Among the more important monetary-policy mistakes were 1) the failure to tighten policy during 1987-89, despite evidence of growing inflationary pressures, a failure that contributed to the development of the “bubble economy”; 2) the apparent attempt to “prick” the stock market bubble in 1989-91, which helped to induce an asset-price crash; and 3) the failure to ease adequately during the 1991-94 period, as asset prices, the banking system, and the economy declined precipitously

Bernanke and Gertler (1999) argue that if the Japanese monetary policy after 1985 had focused on stabilizing aggregate demand and inflation, rather than being distracted by the exchange rate or asset prices, the results would have been much better. Bank of Japan officials would not necessarily deny that monetary policy has some culpability for the current situation. But they would also argue that now, at least, the Bank of Japan is doing all it can to promote economic recovery.

For example, in his vigorous defense of current Bank of Japan (BOJ) policies, Okina (1999, p. 1) applauds the “BOJ’s historically unprecedented accommodative monetary policy”. He refers, of course, to the fact that the BOJ has for some time now pursued a policy of setting the call rate, its instrument rate, virtually at zero, its practical floor. Having pushed monetary ease to 2 Posen (1998) discusses the somewhat spotty record of Japanese fiscal policy; see especially his Chapter 2.its seeming limit, what more could the BOJ do? Isn’t Japan stuck in what Keynes called a “liquidity trap”?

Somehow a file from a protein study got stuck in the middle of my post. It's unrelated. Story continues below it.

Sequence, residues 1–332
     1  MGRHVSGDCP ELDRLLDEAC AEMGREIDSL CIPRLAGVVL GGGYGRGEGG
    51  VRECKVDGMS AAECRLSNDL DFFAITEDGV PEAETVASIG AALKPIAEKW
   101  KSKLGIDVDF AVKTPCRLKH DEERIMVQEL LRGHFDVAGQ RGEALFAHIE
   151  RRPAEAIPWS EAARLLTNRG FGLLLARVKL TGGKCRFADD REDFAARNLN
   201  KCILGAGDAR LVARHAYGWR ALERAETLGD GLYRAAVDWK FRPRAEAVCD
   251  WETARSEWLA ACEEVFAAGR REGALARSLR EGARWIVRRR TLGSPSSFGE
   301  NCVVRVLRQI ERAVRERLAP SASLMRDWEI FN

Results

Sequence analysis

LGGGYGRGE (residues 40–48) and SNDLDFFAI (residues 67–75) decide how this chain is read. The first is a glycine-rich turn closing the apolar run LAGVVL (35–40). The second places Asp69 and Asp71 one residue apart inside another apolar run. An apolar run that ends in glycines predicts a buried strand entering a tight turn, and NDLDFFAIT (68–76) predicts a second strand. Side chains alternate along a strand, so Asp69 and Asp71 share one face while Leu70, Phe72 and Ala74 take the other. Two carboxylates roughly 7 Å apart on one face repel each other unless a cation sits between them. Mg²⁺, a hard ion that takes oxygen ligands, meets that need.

I will argue here that, to the contrary, there is much that the Bank of Japan, in cooperation with other government agencies, could do to help promote economic recovery in Japan. Most of my arguments will not be new to the policy board and staff of the BOJ, which of course has discussed these questions extensively. However, their responses, when not confused or inconsistent, have generally relied on various technical or legal objections—- objections which, I will argue, could be overcome if the will to do so existed.

My objective here is not to score academic debating points. Rather it is to try in a straightforward way to make the case that, far from being powerless, the Bank of Japan could achieve a great deal if it were willing to abandon its excessive caution and its defensive response to criticism."

Prof. Benjamin Shalom Bernanke
Japanese Monetary Policy: A Case of Self-Induced Paralysis?
For presentation at the ASSA meetings, Boston MA, January 9, 2000.

A Credit Free, Free Market Economy will correct all of those dysfunctions.

The alternative would be, on the long run, to wait for the physical destruction (through war or rust) of most of our productive assets. It will be at a cost none of us can afford to pay.

A Specific Application of Employment, Interest and Money [For Economists].

Press release of my open letter to Chairman Ben S. Bernanke:

Sorry, Chairman Ben S. Bernanke, But Quantitative Easing Won't Work.

Yours Sincerely,

MC Shalom P. Hamou
Chief Economist & Master Conductor
1776 - Annuit Cœptis.